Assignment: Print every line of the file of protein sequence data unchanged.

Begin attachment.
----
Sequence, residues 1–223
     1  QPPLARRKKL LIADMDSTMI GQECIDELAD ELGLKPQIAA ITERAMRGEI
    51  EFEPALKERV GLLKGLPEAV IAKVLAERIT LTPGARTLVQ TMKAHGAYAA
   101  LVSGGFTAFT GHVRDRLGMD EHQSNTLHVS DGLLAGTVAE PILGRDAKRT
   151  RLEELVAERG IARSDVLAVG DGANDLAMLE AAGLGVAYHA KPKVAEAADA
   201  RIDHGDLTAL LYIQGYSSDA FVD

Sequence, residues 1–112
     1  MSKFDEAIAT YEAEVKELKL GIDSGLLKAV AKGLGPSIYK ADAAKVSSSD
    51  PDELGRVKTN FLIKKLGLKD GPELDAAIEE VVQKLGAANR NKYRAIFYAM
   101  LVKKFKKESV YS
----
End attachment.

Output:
Sequence, residues 1–223
     1  QPPLARRKKL LIADMDSTMI GQECIDELAD ELGLKPQIAA ITERAMRGEI
    51  EFEPALKERV GLLKGLPEAV IAKVLAERIT LTPGARTLVQ TMKAHGAYAA
   101  LVSGGFTAFT GHVRDRLGMD EHQSNTLHVS DGLLAGTVAE PILGRDAKRT
   151  RLEELVAERG IARSDVLAVG DGANDLAMLE AAGLGVAYHA KPKVAEAADA
   201  RIDHGDLTAL LYIQGYSSDA FVD

Sequence, residues 1–112
     1  MSKFDEAIAT YEAEVKELKL GIDSGLLKAV AKGLGPSIYK ADAAKVSSSD
    51  PDELGRVKTN FLIKKLGLKD GPELDAAIEE VVQKLGAANR NKYRAIFYAM
   101  LVKKFKKESV YS